James M. Adovasio, Ph.D., D.Sc., co-author of the study and a world acclaimed archaeologist at FAU’s Harbor Branch, is the foremost authority on ancient textiles and materials such as those used in basketry. Photo: FAU

Societies in the Americas were complex and thrived millennia before the arrival of Europeans, according to a growing body of anthropological and genetic research.

The latest indication of a complex society in Peru comes in the form of – baskets. 

The complex textiles show elaborate hand weaving supported by a trading network in the region, according to a study in the journal Science Advances.

The excavations at Huaca Prieta, on the Pacific coast, took six years and unearthed thousands of artifacts, including the baskets.

“Like so many of the materials that were excavated, even the baskets reflect a level of complexity that signals a more sophisticated society as well as the desire for and a means for showing social stature,” said James Adovasio, one of the authors, from Florida Atlantic University.

The site was originally excavated in the 1940s, and many artifacts are housed in the American Museum of Natural History in New York.

But the latest excavation from 2007 to 2013 was much more widespread, involving dozens of excavation units, trenches, test pits, and other looks into the soil.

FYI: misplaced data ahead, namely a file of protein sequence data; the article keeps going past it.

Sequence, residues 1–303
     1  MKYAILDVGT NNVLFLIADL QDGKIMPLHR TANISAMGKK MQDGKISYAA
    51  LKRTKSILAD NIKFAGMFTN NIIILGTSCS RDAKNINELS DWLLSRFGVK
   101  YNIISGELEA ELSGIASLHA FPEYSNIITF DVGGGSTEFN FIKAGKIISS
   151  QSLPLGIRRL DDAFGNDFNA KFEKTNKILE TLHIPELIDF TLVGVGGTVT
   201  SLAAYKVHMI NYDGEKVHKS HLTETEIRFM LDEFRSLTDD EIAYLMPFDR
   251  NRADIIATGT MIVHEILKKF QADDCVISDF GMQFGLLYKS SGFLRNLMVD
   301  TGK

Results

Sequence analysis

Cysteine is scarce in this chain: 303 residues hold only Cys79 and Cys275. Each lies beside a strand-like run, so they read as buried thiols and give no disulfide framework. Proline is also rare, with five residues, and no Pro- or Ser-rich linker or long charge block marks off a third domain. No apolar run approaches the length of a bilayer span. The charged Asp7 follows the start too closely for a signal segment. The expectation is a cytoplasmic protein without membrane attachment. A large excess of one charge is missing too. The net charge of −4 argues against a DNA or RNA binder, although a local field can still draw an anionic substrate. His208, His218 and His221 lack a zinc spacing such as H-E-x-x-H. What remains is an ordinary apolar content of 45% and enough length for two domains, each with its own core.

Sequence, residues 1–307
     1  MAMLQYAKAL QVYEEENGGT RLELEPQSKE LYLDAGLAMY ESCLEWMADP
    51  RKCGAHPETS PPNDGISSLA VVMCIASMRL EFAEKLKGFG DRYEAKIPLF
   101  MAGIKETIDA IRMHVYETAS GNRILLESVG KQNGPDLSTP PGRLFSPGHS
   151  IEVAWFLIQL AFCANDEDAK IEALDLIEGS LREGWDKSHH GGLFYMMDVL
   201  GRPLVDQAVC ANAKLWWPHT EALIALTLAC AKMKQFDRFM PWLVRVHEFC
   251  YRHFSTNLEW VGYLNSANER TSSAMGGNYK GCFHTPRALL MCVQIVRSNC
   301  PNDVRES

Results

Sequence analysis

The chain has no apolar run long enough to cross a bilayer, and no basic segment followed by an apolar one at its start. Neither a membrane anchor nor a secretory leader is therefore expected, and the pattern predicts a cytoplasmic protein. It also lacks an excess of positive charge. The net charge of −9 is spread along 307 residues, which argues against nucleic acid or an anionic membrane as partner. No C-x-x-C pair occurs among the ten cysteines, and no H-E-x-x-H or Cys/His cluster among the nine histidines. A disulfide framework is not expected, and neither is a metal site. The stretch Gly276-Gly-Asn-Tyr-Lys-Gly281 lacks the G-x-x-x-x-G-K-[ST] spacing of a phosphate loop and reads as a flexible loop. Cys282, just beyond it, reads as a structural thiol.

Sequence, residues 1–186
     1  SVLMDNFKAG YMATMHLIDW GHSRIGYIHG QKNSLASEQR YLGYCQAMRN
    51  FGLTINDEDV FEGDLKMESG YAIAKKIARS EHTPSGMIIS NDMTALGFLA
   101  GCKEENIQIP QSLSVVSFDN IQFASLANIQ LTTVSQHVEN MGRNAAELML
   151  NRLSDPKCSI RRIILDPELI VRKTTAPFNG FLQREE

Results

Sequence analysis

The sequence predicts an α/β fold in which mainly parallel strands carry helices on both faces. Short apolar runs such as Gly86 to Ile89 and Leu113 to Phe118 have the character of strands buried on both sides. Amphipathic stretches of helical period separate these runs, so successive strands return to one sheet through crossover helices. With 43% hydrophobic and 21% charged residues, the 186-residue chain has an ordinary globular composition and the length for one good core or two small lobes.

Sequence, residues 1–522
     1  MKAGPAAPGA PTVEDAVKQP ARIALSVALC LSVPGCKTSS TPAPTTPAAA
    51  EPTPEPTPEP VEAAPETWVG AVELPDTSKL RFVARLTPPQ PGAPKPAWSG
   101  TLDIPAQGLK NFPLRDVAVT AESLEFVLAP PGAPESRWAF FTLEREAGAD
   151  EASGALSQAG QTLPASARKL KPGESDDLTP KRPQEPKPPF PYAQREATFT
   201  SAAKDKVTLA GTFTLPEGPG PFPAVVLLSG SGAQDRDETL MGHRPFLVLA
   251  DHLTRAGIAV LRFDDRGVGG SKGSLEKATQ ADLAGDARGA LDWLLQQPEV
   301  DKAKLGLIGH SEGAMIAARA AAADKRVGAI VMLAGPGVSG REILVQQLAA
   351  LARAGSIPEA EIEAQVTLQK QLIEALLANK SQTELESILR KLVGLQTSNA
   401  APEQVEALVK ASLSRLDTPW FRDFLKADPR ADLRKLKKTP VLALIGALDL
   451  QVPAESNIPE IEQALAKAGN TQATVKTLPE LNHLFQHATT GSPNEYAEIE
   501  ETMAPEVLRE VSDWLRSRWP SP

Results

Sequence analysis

The baskets were a particular focus. They were made from a variety of materials including a local reed still used today, as well as domesticated cotton and elaborate dyes.

“To make these complicated textiles and baskets indicates that there was a standardized or organized manufacturing process in place and that all of these artifacts were much fancier than they needed to be for that time period,” said Adovasio.

The remnants of the settlement showed on-and-off human habitation from 15,000 to 8,000 years ago.

The area has a wide diversity of natural resources, and the settlement location is about halfway between the sea and the mountains. The ancient peoples used these to their advantage. Included among the remains are sharks, sea lions, deer, marine birds, bony fish, still showing evidence of consumption through cutting, breaking, and burning. The flora that were apparently part of the diet included chile peppers, squash, beans, avocados, and medicinal plants.

“All of these things together tell us that these early humans were engaged in very complicated social relationships with each other and that these fancy objects all bespeak that kind of social messaging,” added Adovasio.